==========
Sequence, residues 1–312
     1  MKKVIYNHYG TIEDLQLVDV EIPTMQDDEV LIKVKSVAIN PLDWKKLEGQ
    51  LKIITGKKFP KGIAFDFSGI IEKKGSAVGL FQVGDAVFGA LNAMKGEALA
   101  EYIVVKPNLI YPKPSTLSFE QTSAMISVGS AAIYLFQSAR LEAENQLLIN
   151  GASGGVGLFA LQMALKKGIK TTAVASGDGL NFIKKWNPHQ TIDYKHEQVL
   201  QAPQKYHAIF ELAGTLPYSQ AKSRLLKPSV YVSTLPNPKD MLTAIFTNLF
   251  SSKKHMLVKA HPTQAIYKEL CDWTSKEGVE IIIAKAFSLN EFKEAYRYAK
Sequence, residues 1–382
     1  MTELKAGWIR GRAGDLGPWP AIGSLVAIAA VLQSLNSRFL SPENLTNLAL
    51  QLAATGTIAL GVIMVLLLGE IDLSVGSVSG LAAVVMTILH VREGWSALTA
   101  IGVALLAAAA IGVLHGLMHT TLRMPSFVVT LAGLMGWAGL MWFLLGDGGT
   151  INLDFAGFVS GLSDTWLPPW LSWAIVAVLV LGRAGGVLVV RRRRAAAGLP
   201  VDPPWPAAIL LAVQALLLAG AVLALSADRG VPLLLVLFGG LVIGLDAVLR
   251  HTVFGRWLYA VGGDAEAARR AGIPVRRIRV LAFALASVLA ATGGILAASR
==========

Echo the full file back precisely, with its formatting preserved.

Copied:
Sequence, residues 1–312
     1  MKKVIYNHYG TIEDLQLVDV EIPTMQDDEV LIKVKSVAIN PLDWKKLEGQ
    51  LKIITGKKFP KGIAFDFSGI IEKKGSAVGL FQVGDAVFGA LNAMKGEALA
   101  EYIVVKPNLI YPKPSTLSFE QTSAMISVGS AAIYLFQSAR LEAENQLLIN
   151  GASGGVGLFA LQMALKKGIK TTAVASGDGL NFIKKWNPHQ TIDYKHEQVL
   201  QAPQKYHAIF ELAGTLPYSQ AKSRLLKPSV YVSTLPNPKD MLTAIFTNLF
   251  SSKKHMLVKA HPTQAIYKEL CDWTSKEGVE IIIAKAFSLN EFKEAYRYAK
Sequence, residues 1–382
     1  MTELKAGWIR GRAGDLGPWP AIGSLVAIAA VLQSLNSRFL SPENLTNLAL
    51  QLAATGTIAL GVIMVLLLGE IDLSVGSVSG LAAVVMTILH VREGWSALTA
   101  IGVALLAAAA IGVLHGLMHT TLRMPSFVVT LAGLMGWAGL MWFLLGDGGT
   151  INLDFAGFVS GLSDTWLPPW LSWAIVAVLV LGRAGGVLVV RRRRAAAGLP
   201  VDPPWPAAIL LAVQALLLAG AVLALSADRG VPLLLVLFGG LVIGLDAVLR
   251  HTVFGRWLYA VGGDAEAARR AGIPVRRIRV LAFALASVLA ATGGILAASR